You may be wondering what housework has to do with independent living, but think about it for a minute. Your home says a lot about you. I call it the go/stay continuum because your independent status could hinge on whether or not you have a clean safe place to live.
For some reason the words “accepting help” strikes terror in the hearts of seniors everywhere. Accepting help is erroneously seen as the “beginning of the end.”
This isn’t true of course, but it may be time to evaluate your capabilities realistically: When you can no longer drive or are having trouble keeping up with housecleaning, shopping or even routine activities of daily living, you may “need help.”
So what’s the rub? I will use housework as an example because it meets with the most resistance. Housework has gotten a bad rap; seen as a moral obligation instead of the “hard work” that it really is seems negate the importance. It isn’t surprising that seniors are often reluctant to pay “real money” to have someone else clean for them.
In addition, many seniors feel uncomfortable allowing another person, a stranger, into their homes. Hire from a reputable agency to set your mind at ease, and get over the idea that everyone is out to steal your “stuff.” If you are worried about privacy issues the same standard applies. Try to remember that unless you are a celebrity nobody really cares enough to delve into your privacy issues.
As a young person you could get away with being messy. Friends and neighbors labeled you as “too busy”, “too lazy”, or may even have called you a “slob,” but the idea of competency didn’t enter into the picture. As a senior it is a different story; indifferent housekeeping may be seen as a sign that you are not managing.
Think twice before declaring out of hand that you can’t afford to hire help. More likely, you can’t afford not to. Your independence status could very well hinge on home cleanliness and safety.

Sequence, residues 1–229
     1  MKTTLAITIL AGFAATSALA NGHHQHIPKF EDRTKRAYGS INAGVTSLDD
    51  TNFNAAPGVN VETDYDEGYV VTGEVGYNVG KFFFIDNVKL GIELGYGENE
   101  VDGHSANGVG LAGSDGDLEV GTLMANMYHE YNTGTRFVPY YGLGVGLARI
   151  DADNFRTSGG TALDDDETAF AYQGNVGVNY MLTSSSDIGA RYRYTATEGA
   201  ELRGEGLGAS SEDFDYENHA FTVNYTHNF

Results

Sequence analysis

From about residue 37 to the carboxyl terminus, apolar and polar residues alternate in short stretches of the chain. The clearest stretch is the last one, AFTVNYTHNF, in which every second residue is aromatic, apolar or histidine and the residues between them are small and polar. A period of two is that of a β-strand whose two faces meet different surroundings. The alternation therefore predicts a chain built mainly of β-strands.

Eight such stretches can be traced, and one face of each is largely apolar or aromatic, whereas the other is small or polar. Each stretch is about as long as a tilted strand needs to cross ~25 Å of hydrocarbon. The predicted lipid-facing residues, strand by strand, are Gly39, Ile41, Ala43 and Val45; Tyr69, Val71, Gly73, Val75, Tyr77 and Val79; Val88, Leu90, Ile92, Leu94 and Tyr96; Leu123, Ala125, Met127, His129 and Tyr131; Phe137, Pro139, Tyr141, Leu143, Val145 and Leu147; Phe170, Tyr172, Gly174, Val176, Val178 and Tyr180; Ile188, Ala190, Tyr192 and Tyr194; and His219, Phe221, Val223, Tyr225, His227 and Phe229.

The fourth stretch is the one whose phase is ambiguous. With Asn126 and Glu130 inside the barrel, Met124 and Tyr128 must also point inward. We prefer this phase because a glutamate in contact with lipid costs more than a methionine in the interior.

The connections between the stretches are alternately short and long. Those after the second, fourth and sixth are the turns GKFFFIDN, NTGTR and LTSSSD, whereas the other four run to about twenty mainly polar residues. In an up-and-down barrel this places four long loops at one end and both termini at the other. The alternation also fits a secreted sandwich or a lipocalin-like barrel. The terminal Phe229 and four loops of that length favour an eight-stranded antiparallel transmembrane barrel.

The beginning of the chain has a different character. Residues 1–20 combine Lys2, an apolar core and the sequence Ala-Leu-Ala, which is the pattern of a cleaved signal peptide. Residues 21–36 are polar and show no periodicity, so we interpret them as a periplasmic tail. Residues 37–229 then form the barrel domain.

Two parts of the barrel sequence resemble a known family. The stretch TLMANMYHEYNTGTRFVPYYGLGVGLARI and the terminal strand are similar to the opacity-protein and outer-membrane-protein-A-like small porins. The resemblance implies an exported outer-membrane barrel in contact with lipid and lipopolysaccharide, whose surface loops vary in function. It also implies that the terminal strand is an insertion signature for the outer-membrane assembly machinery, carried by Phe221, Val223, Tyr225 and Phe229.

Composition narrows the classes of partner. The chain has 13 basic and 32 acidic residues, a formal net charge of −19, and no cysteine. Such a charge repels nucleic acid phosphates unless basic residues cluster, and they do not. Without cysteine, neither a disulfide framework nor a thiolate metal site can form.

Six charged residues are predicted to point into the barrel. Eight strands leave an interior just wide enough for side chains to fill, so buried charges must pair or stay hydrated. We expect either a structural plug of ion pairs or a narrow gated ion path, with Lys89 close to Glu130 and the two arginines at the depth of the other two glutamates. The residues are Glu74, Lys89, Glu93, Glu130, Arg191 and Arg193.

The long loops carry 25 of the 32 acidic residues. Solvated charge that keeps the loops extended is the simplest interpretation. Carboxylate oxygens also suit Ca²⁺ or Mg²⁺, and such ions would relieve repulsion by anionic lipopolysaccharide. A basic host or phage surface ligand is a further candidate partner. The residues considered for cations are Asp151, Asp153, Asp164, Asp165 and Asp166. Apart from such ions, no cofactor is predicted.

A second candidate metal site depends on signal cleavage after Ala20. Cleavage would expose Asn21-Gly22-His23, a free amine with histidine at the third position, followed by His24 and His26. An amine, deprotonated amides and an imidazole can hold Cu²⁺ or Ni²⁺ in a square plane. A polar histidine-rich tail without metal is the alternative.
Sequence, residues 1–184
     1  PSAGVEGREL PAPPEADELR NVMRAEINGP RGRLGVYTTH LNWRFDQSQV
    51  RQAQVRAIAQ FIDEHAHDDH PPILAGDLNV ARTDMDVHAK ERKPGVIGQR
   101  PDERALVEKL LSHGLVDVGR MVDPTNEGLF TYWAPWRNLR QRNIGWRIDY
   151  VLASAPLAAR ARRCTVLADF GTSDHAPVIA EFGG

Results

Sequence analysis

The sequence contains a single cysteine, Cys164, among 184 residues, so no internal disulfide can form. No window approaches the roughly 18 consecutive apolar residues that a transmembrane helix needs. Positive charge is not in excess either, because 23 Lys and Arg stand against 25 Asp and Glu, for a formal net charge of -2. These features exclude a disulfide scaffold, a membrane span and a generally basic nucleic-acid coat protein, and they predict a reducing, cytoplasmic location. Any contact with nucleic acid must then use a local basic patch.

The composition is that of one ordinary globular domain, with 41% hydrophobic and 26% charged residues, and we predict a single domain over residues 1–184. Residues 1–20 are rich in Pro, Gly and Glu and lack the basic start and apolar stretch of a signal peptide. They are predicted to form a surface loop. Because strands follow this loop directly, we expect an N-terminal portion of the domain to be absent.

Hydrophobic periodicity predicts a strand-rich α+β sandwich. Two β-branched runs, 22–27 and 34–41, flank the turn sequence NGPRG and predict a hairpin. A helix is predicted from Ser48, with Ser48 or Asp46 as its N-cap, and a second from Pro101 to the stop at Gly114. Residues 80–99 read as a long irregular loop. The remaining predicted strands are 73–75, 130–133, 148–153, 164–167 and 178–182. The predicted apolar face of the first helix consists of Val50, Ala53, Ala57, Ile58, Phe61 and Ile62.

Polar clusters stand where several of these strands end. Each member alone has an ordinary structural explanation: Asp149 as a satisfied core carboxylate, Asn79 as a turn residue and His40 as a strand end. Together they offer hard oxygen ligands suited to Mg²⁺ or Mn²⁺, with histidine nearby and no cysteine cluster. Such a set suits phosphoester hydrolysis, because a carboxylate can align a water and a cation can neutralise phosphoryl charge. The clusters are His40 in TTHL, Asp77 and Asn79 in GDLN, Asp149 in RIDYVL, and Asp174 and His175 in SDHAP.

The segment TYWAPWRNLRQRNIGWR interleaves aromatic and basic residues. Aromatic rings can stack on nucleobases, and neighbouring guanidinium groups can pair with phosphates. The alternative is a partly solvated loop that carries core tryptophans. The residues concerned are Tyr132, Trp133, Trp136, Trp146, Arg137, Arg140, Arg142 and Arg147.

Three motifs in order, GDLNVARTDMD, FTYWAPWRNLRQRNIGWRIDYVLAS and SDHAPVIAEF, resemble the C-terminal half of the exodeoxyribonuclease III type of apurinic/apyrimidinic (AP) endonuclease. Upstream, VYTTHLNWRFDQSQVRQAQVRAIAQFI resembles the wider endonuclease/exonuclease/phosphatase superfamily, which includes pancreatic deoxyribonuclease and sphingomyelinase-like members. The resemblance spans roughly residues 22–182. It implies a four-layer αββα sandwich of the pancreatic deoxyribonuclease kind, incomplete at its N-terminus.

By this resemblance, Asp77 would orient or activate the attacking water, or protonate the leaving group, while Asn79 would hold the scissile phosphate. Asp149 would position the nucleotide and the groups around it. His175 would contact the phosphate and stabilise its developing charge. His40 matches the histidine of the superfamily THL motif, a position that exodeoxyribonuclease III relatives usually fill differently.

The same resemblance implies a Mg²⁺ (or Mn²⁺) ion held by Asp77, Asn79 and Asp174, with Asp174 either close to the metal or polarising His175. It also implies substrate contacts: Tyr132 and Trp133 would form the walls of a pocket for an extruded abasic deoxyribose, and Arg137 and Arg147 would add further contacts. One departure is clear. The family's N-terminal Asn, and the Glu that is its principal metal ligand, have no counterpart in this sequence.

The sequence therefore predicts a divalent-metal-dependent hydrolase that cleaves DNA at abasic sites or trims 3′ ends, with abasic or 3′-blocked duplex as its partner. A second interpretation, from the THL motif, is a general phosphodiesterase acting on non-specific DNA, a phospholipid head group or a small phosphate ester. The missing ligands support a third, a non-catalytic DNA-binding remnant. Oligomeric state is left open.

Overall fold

Who doesn’t love fall? The weather is close to perfect and the fall colors are breathtaking. It is the time to enjoy sunny days and long drives in the country.
Alas, colorful leaves fall much too soon. Before we know it yards everywhere are buried under blankets of sodden leaves. It is time to rake and bag up every last one of them and send them on their way.
Yard work is good exercise but the noises from neighborhood Leaf Blowers are enough to drive you crazy. Whatever happened to good old fashioned yard work?
My husband still enjoys yard work the old fashioned way. He pulls on his gloves, ignores his creaky knees and arthritic fingers, and trundles out to the backyard every Saturday. Raking is hard work; muscle soreness and injuries are pretty common. It seems we need a plan.
Yard work needs to be approached scientifically. The experts all say:
• Warm up with some stretching exercises.
• Know that good posture is important and avoid vigorous twisting and turning. Repetition is the enemy.
• Pace yourself; take frequent breaks. Section off the larger yard and do small bites at a time. Have a plan, but try to refrain from tackling the whole project at once.
• Listen to your body.
Decide what you are going to do with your piles of leaves. When we were kids it was great fun. We would make huge piles and play in them for hours. I hope some of your chores are still fun for you, but more than likely you see them as a lot of hard work. This year make a party out of it and be sure to include a lot of treats.
• Be careful when bagging leaves, especially if wet. Work with manageable loads and remember that good posture is doubly important.
• Use a leaf scoop to fill your bags and lift carefully; keep the bag close to your body and lift using your legs.
Take your time, protect your joints and enjoy the process.
Be sure to modify or avoid activity that causes pain:
• find a different way of doing it
• cut down the time you do it
• use an ergonomic tool
How much do the “good old days” or the “not so good” old days influence the way you perceive life today? Memories good or bad have a way of keeping people stuck in their tracks. Can you “let go” of the past long enough to move into the future?
Living in the past or worrying too much about the future is like “running in place.” You are alive and you are going through the motions, but you aren’t going anywhere.
This is not the time to bail out. You are older and wiser now; it is time to use the perspective and wisdom gained along the way to move into the future. Believe it or not, you can still step up and make a difference.